By Scarlett Sauvage
The patterns on her skin disturb him. They might be scars. They might be moles. But he thinks he sees numbers. Sixes. Three of them.
She knows he sees them. She wants him to see them. She wants to plant a seed in his mind. Just the smallest suggestion.
She doesn’t want to scare him. Not yet. It’s too soon. He’s not ready. She’ll reveal herself slowly; shed her skin, one layer at a time.
By Ryan Stone
Click. Cornelius lay in bed. Clack. Unable to sleep. Click.
The infernal clickclack came from the billboard outside his window; neon winking on and off until midnight. After a month of broken sleep, Cornelius raised a petition. His movement gained momentum – Power to the People! A nationwide boycott sent the company broke.
The billboard came down. Cornelius slept well for the first time in weeks.
The following month, a new billboard went up. With its competitor gone, a rival company expanded its empire. Their profits paid for a billboard twice as large; one that never switched off.
ClickityClackity. ClickityClackity. Clickity.
By Jane Berg
There was once a sheep so small it defied the laws of nature. People traveled from far and wide to say, “that is a small sheep.”
The creature was well treated yet for some reason it ailed and died.
The farmer didn’t know what to do. People would not pay to see a small, dead sheep, and he did not want to eat it.
They tried to donate the body to science, but science had other interests, and so it went into a crudely marked grave which was assumed by later generations to belong to a family ancestor.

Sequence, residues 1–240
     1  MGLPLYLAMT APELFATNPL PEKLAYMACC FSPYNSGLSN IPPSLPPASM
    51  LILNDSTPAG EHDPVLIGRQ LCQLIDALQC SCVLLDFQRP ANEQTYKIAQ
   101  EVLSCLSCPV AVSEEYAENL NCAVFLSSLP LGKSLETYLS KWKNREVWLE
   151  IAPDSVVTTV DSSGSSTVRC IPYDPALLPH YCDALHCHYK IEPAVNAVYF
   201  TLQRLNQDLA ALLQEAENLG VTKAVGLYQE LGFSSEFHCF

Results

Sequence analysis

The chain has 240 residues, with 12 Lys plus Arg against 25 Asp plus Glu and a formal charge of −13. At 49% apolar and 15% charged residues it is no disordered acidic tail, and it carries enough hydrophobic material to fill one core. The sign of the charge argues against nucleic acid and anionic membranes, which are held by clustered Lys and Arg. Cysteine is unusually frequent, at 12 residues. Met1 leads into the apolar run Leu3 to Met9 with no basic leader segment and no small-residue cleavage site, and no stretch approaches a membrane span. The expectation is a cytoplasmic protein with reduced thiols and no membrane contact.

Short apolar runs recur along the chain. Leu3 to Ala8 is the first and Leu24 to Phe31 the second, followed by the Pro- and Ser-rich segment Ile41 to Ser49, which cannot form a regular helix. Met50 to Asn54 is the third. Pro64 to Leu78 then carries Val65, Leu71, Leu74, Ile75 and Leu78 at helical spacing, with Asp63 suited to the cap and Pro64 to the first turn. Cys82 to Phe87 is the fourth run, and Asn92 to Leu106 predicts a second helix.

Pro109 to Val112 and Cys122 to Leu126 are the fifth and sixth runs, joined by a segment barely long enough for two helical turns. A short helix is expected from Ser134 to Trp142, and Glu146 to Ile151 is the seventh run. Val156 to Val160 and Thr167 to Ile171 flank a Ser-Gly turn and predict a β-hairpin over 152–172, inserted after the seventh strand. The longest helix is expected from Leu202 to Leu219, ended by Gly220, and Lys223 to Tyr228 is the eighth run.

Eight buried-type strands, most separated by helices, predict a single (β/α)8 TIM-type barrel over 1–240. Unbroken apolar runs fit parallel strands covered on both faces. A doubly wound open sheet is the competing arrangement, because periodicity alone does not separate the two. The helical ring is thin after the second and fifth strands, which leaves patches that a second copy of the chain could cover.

By Michael Rivers
Reclining in the sterile chair
far from planet Earth
somewhere near planet nitrous oxide,
burrow into my molar.
in my tongue’s living half,
screaming across time;
one last brilliant gasp for life.
In these death throes,
as the Endodontist
mines my jaw,
the assistant sings along
to Hall and Oates’ “Rich Girl.”
“I always thought they were black …
Not saying white people don’t have soul.”
Excavating my tooth,
obliterating its nerves,
the Endodontist replies,
“No, I know what you mean.”
I am a million miles away in space and humming along with the tune.
By John Davis Frain
I was six when he ordered my “racially undesirable” family killed. Mother. Father. Emil. Sonia.
He put me to work. Said I was quick. The gall to compliment.
I’m a law-abiding citizen. Seven decades I’ve hunted. Vowed justice as he scurried around the globe. Tonight, we share the same hotel in Bucharest. It’s difficult remembering his face. He carries a new name. But that voice.
My plan is fuzzy. Add coolant to his drink? Inject him with ricin? My time on Earth is too short.
Acquiring the Glock was easy. I’d imagined pulling the trigger would’ve been harder.
By Connor Greenaway
The frayed afterglow of neon lights permeated through cheap drapes, diffusing colourful ambience into the gloomy motel room.
“What are you doing”? Karen asked, the red bead of her lit cigarette steady between her fingers.
“You know why I’m here,” Dan said, face fixed in a whiskey-leer that had become all too familiar.
She eyed him with a steely expression, not allowing her contempt overwhelm the situation. “I think I do,” she said. “You should leave.”
Dan’s face twisted. “Tease!” he spat viciously, and with the smile of a person whose careless enemy has undone themselves, Karen slammed the door.
By Susanne Swanson
“Do you know how many times you’ve said ‘okay’ in the last minute?” she blurted out.
(Twenty times by my reckoning. She was not the only one counting.) He stopped. Public speaking was not his forte, though economics may have been.
“Twenty-three times!” she announced.
“Sorry,’ he said. “Didn’t know I was doing it.”
The rest of us knew and thanked her. We were on edge waiting for the ‘okay’ and winced when it came. No sentence was immune.
“I’ll work on it, okay?” he promised. “But when it’s quiet you’ll know what I’m thinking, okay?”
Okaaaay! we shouted.